Christians Are Not Sinners

Christians Are Not Sinners

“But now he has reconciled you by Christ’s physical body through death to present you holy in his sight, without blemish and free from accusation”

Colossians 1:22

“I’m a sinner saved by grace!” This is a very popular thing to say, although not true. A more accurate statement for a Christian would be, “I was a sinner saved by grace! Now I’m a righteous, blameless, holy child of God!”

Here’s another incorrect declaration to apply to a believer: “Hate the sin, love the sinner!”

Why is this inaccurate? Because Christians are not sinners, at all. Sure, we might have sinful actions and attitudes, but our identity is exactly like God’s. We are a people of His very own nature. Peter tells the early church this same truth–who they actually are. Which, like today’s church, was extremely hard to believe:

“Through these he has given us his very great and precious promises, so that through them you may participate in the divine nature, having escaped the corruption in the world caused by evil desires.” (2 Peter 1:4)

Let’s not skim over this verse. Both parts I’ve underlined can easily be ignored but are vital to understanding our identity as Christians.

  1. has given us — This is past tense. I repeat, this is past tense. This has already happened for every single believer in Christ. It’s not happening, but it’s finished. What’s happened?
  2. participate in the divine nature — We have been given God’s very own nature! Christian, your nature has changed! It’s not changing little by little, but you–right now–have a brand new heavenly nature!

Nature means natural. As in, no effort to be, no effort to express. Divine means heavenly! Divine means like God! So no matter what we do or don’t do, our nature is the exact same as God’s! (To know more about your nature, see 1 Corinthians 13:4-8, Galatians 5:2-,23, 2 Peter 1:5-9, Philippians 4:8). It is from this nature our actions and attitudes become more and more organic! Our do begins to match up with our who, once we know who we are!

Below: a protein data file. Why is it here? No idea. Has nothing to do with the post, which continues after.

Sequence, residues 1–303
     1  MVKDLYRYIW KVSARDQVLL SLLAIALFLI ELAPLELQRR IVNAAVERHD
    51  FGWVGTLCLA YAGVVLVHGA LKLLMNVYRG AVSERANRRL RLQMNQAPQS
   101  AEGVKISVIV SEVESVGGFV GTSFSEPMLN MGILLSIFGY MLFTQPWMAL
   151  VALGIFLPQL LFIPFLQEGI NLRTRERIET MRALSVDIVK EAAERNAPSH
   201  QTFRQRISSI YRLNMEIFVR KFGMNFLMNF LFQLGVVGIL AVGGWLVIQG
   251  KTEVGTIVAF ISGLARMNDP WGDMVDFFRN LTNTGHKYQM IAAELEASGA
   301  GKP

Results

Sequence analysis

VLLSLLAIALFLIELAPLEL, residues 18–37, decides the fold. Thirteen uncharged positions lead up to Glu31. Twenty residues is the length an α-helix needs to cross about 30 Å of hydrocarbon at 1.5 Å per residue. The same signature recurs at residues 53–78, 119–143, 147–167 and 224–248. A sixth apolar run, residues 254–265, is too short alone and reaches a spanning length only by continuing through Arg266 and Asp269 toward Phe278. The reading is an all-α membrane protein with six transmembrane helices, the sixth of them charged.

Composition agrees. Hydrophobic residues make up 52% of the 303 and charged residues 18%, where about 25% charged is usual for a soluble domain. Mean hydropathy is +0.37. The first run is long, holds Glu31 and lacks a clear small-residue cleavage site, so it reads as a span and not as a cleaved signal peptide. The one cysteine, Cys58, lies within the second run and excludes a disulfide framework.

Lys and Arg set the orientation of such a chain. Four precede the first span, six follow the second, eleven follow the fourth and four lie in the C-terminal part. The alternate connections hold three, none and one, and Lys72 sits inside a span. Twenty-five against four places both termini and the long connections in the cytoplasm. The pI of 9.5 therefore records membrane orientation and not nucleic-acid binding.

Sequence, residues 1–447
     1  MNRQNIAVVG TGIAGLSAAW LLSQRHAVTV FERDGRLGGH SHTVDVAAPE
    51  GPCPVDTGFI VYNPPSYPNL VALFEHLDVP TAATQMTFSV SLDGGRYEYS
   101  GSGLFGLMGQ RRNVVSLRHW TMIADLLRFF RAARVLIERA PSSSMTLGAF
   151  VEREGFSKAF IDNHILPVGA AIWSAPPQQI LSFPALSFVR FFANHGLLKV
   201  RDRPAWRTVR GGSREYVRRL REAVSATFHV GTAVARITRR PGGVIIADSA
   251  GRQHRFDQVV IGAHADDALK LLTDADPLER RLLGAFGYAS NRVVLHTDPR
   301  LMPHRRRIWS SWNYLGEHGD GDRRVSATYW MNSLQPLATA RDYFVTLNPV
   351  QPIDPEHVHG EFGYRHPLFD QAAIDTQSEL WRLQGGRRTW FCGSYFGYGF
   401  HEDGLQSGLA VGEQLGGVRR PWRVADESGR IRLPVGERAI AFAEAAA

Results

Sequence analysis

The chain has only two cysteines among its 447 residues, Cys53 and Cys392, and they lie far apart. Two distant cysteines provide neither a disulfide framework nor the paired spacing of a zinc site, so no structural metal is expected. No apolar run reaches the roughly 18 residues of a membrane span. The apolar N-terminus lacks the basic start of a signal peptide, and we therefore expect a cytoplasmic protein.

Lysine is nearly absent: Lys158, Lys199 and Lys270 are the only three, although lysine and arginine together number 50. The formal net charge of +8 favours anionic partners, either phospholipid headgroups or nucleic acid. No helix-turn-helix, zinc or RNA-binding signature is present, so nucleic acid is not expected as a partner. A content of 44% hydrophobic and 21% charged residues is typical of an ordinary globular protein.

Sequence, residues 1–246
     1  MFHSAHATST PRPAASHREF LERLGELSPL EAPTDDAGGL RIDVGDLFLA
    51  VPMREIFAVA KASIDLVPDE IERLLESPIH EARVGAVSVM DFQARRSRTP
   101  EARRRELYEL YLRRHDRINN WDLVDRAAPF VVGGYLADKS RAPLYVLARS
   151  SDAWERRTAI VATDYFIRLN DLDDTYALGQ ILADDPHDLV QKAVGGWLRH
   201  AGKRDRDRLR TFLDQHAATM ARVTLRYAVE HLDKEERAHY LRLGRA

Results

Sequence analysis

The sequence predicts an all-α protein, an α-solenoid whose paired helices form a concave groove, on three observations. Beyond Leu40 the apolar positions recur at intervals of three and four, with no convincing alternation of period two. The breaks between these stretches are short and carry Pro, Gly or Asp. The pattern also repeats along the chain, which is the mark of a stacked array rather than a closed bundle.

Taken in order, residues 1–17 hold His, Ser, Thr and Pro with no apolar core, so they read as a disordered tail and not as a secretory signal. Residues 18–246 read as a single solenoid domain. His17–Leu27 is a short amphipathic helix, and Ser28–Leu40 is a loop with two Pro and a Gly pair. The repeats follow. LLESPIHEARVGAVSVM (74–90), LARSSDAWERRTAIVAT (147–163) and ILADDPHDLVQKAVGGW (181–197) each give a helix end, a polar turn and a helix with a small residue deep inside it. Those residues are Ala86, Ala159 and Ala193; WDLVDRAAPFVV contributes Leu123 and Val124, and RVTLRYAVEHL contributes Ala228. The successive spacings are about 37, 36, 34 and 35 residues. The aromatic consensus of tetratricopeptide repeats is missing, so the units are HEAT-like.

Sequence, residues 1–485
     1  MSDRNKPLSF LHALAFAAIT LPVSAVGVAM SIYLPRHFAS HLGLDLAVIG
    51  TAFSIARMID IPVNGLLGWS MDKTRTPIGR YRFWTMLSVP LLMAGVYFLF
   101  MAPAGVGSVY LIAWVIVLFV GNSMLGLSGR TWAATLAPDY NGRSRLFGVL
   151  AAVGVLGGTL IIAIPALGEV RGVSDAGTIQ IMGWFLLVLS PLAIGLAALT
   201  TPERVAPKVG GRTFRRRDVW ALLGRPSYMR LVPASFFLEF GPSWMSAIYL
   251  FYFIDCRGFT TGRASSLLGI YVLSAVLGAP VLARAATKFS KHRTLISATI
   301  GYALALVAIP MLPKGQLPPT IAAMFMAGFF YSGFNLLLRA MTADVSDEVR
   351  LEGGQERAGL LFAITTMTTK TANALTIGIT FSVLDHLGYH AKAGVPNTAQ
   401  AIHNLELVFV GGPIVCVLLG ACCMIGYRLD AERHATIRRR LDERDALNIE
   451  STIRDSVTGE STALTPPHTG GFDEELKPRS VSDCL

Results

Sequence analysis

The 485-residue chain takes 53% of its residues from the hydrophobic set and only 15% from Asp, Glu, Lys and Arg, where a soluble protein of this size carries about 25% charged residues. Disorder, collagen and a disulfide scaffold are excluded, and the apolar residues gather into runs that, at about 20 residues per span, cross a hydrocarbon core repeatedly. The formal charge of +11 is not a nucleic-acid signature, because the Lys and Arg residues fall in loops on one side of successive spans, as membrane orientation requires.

How is this possible? How can we have the same nature as the Creator of the universe–as Christ Himself? (See Colossians 1:16, Hebrews 1:2). Because we’ve been born again in our spirit. God’s very own supernatural sperm–for lack of a better word–has been implanted in us to give us a new spiritual body. This happens the millisecond we believe Jesus has forgiven us. Whether we felt it or not, that doesn’t matter. Our supernatural birth is not based on a feeling, but on a fact of faith (see 1 John 5:13, 2 Corinthians 13:5-6). If you felt something, great! God isn’t against feelings, but those feelings did not save you. So if you didn’t feel anything, don’t worry, Christian, you are born again. This is why Jesus said:

“Flesh gives birth to flesh, but the Spirit gives birth to spirit. You should not be surprised at my saying, ‘You must be born again.'” (John 3:6-7)

The wonderful news of the gospel is we can’t undo this birth! Just the same as we can’t undo our earthly father’s action of implanting his sperm into our mom–which created our unchangeable physical body–we can’t undo receiving God’s seed either, which recreated our unchangeable spiritual body! Our physical body inherited our parents’ features and our spiritual body inherited God’s! His divine sperm is forever infused in us which means we have His perfect nature! Physical DNA is permanent after birth, and spiritual DNA is permanent after rebirth. As an old man, John explains:

“No one born of God makes a practice of sinning, for God’s seed abides in him; and he cannot keep on sinning, because he has been born of God.” (1 John 3:9)

A lot of grace-confused Christians will use this verse as a threat, but that’s not the point. The point is we don’t even have the ability to continue sinning in our spirit. Our spirit, the real us, has been reborn and infused with God’s own Spirit. We are literally sealed up in Him forever! (See John 3:6-7, 2 Corinthians 5:17, Romans 6:6-7, 1 John 3:1, Ephesians 1:13, Colossians 3:3).